It's a well known fact that most individual software developers detest software patents. Maybe detest isn't a strong enough word; how about loathe, dread, hate, despise, resent, and abhor? You get the picture. We dislike them almost as much as weekly status reports, deadlines, and conference calls.
So left on our own, most programmers won't write patents. This was the situation in Sun's early history, according to one of its most famous former employees, James "Father of Soul Java" Gosling. In an unusually candid blog post about the Oracle/Google patent lawsuit Sunday, he writes:
Sun didn't file many patents initially. But then we got sued by IBM for violating the "RISC patent" - a patent that essentially said "if you make something simpler, it'll go faster". Seemed like a blindingly obvious notion that shouldn't have been patentable, but we got sued, and lost. The penalty was huge. Nearly put us out of business.
In response, Sun engineers were asked to write as many patents as they could:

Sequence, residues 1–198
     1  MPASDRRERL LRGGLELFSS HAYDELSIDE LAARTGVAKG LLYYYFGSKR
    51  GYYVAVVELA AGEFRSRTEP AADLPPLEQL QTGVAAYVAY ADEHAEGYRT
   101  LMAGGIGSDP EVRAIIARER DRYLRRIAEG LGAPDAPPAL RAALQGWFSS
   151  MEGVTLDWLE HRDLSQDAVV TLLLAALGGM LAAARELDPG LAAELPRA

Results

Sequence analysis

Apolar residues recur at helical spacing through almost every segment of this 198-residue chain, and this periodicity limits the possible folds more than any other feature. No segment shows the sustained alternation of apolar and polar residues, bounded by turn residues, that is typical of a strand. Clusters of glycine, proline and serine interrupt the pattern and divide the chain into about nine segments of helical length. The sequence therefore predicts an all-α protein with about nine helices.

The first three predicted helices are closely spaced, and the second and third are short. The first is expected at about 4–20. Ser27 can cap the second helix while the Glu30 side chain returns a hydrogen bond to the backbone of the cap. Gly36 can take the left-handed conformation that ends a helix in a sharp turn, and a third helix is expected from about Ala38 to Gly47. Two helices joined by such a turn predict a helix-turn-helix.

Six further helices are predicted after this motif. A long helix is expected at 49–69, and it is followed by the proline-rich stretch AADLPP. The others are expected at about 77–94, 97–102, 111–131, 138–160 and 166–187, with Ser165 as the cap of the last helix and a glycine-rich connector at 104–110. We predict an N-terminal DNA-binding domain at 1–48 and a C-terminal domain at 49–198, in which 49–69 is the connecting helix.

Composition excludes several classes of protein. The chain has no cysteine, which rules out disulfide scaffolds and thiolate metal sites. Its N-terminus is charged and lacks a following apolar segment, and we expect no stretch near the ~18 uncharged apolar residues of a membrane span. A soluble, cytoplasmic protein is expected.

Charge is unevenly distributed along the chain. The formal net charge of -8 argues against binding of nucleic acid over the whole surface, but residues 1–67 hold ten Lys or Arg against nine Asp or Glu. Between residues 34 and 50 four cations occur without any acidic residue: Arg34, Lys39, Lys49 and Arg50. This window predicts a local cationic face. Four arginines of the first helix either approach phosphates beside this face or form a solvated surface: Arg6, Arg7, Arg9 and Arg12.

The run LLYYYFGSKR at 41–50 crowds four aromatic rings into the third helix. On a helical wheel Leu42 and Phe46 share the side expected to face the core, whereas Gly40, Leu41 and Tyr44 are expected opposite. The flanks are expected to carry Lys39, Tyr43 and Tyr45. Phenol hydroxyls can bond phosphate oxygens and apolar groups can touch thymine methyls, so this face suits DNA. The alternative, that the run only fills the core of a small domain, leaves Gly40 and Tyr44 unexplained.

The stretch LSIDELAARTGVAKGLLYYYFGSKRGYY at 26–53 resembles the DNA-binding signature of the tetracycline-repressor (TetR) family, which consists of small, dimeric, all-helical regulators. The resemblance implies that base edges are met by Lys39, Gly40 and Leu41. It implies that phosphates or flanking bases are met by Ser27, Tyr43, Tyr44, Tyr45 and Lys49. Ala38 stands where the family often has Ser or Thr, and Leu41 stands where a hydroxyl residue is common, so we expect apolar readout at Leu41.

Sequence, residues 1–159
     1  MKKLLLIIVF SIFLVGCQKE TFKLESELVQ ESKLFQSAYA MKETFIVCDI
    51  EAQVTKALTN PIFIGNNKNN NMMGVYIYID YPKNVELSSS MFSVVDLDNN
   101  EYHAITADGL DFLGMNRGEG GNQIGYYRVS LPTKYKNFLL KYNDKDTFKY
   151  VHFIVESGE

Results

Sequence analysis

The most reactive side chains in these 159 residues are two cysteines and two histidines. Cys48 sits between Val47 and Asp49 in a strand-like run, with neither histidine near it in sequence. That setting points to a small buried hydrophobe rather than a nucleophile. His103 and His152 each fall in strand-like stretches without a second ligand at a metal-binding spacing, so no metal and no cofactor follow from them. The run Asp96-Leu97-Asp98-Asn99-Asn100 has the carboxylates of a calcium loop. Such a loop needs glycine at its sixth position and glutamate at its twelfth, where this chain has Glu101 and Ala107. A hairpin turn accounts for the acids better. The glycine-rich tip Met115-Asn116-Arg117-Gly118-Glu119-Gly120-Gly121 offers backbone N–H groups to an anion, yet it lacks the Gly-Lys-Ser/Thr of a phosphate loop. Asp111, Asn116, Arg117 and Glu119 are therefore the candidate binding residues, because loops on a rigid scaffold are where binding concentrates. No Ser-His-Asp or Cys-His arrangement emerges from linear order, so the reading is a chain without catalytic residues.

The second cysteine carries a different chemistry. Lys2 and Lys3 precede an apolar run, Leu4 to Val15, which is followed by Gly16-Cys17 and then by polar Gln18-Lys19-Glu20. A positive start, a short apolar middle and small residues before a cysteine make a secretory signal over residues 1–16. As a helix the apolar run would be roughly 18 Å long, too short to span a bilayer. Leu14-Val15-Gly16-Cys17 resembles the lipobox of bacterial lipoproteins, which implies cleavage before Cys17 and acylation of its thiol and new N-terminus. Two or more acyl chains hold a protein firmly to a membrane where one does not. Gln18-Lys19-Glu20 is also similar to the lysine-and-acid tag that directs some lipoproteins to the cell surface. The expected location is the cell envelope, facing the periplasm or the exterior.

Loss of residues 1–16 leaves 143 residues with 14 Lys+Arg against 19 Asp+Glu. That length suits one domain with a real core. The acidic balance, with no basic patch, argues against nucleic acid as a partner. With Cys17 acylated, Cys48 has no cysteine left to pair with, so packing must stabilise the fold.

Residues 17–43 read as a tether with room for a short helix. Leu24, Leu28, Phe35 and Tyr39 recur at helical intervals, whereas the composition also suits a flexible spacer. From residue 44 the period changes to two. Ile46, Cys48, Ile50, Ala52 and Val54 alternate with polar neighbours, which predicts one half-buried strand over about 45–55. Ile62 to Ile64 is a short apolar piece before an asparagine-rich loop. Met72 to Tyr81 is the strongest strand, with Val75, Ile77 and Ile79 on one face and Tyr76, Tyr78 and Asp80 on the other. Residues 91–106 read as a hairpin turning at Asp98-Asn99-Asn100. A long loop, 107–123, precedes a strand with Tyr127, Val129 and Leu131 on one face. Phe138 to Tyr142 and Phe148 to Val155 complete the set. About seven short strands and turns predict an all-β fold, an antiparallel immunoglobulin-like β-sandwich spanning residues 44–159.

We survived, but to help protect us from future suits we went on a patenting binge. Even though we had a basic distaste for patents, the game is what it is, and patents are essential in modern corporations, if only as a defensive measure.
What happens when you make a bunch of smart, talented people to do something they'd really rather not do? The natural reaction is to poke fun at the task, and turn it into a game. A joke:
There was even an unofficial competition to see who could get the goofiest patent through the system. My entry wasn't nearly the goofiest.
In my last article, I mentioned that a patent from Gosling was one of seven cited in Oracle's lawsuit. These patents are among those that Oracle acquired when they bought Sun earlier this year. James isn't saying where these entries rated on the "goofy patent" scale, if at all. But another former Sun employee, Charles Nutter, has written a more detailed analysis. When considering whether or not the suit has merit, he states:
The collection of patents specified by the suit seems pretty laughable to me.
Perhaps now we know why.
Unfortunately, the joke is on all of us. It's on our economy, as we let patents choke down innovation and increase fear, uncertainty, and doubt in an already uncertain time. It's on our bottom lines, as we make busy-work for our expensive lawyers with their sparkling eyes instead of investing for the future. And it's on our collective consciousness, as we force good and decent people to act against the better angels of their nature.
As always, my opinions are my own and don't necessarily reflect the opinion of my employer or this publication (see the disclosure notice below).